intermediaries, is viewed as a more distant possibility in Australia due to the
present early stage of development in the intermediary market. Wholesale
investment funds investing in intermediaries do have an active role in more developed
social capital markets overseas, as discussed further in chapter 5.
Philanthropic sources of investment
Many submitters to the inquiry have commented on the potential role for
philanthropic trusts and foundations to invest in social ventures in Australia.
Philanthropy is a significant contributor to the social economy; Philanthropy
Australia estimates that 5000 philanthropic foundations operate in Australia,
controlling seven to ten billion dollars worth of funds and
disbursing between $600 million and $1 billion to the community sector each
Over the course of this inquiry the role of traditional philanthropic
grants and donations as a source of capital for social economy organisations
has been discussed, and emerging possibilities for philanthropic bodies to
utilise their investment corpus to finance social projects have also been
The role of traditional
Traditional grants and donations from philanthropic individuals and
organisations are currently one of the major sources of funding for many social
The committee has heard varying views about the utility of this funding source
in the overall picture of financing the sector.
Several submitters highlighted the necessity for the social economy
sector to move beyond dependence on grant funding from the government and
philanthropic sectors to more reliable and stable forms of finance.
JBWere argued that while incentives to promote philanthropy and encourage
private giving are positive, traditional philanthropy will only ever be a small
part of overall funding for the social economy.
CSB stated that access to philanthropic grant funding can be unreliable and
competitive, and using philanthropic income to leverage further finance is
difficult unless there is a long history of donations to the organisation.
Foresters noted that the utility of philanthropic donations to an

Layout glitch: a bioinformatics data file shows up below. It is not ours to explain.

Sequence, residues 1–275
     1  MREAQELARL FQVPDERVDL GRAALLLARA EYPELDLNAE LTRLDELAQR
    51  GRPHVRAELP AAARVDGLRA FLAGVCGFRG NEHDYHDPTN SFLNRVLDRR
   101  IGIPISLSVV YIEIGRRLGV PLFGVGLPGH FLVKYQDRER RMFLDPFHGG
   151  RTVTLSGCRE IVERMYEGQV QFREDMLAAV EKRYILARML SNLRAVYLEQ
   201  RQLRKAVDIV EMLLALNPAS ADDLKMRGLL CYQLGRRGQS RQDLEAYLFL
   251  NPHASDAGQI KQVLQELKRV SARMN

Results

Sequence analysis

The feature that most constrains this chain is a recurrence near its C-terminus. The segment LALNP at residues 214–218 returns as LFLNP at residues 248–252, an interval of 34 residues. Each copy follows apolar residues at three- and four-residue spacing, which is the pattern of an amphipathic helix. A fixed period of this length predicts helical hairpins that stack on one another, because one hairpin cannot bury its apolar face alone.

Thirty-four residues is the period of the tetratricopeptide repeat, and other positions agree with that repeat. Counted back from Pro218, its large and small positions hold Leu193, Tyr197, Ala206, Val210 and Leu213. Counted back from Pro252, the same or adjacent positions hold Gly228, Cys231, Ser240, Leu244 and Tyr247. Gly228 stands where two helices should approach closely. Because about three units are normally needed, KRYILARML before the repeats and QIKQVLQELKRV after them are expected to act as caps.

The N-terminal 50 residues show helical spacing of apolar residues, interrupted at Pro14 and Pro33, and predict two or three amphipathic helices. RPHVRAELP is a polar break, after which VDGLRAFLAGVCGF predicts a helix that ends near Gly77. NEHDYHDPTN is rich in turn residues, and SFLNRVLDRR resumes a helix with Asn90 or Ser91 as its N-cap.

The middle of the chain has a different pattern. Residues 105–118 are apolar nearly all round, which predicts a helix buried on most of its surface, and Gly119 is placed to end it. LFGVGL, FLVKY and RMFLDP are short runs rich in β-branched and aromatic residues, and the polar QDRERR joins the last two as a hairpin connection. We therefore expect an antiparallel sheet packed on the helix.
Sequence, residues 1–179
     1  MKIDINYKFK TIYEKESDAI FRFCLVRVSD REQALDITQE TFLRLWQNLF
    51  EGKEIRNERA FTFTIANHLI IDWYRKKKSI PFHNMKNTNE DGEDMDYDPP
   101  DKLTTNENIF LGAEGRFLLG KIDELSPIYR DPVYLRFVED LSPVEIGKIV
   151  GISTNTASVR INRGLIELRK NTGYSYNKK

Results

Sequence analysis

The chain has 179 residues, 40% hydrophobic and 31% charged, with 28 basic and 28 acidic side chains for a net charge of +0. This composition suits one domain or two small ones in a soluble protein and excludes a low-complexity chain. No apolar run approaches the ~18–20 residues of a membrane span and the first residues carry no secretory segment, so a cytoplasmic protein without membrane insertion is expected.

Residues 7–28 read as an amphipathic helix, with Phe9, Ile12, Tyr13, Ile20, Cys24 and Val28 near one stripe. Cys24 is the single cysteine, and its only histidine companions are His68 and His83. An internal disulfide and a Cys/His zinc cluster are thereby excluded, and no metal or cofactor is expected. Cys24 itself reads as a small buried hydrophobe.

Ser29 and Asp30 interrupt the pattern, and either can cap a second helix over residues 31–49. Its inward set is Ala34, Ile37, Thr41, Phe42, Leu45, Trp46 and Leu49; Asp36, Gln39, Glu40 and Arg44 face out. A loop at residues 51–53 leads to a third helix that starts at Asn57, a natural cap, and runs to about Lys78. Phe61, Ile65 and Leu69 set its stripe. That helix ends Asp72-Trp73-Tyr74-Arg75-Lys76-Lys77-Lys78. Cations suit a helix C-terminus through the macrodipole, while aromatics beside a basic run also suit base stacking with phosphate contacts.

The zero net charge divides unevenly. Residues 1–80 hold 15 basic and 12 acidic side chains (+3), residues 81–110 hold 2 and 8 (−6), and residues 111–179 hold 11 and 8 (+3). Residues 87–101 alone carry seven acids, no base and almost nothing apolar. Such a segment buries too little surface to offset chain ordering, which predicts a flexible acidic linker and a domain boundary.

organisation can depend on whether the funds are restricted (where there are
conditions attached to the donation regarding how it is to be used) or
unrestricted. In the case of unrestricted donations, such as those solicited
through public fundraising drives, there is often pressure to spend the revenue
on direct service delivery rather than 'overhead' or organisational expenses.
Sir Ronald Cohen noted that insistence on philanthropic money reaching
beneficiaries directly can preclude the structured, long-term commitments
necessary to build and finance sustainable organisations.
Despite the limitations associated with traditional philanthropic
revenue, it is likely that grants and donations will still play a role in the
overall financing picture for the social economy into the future. Christian
Super argued that establishing new capital markets for the social economy should
complement rather than supplement philanthropy, and noted that while a
dependence on philanthropy alone can be unstable for an organisation,
philanthropic donations can be used to stabilise cash flows from other sources
and provide a revenue diversification tool.
In addition, philanthropic capital can be particularly useful at the start-up
phase for social organisations when access to other forms of finance may not be
viable, a practice sometimes referred to as 'venture philanthropy'.
CSB argued that the development of philanthropic venture capital markets will
be critical to maximise the potential of social organisations.
In addition to traditional grants and donations from philanthropic
individuals and organisations, the committee has heard that there is potential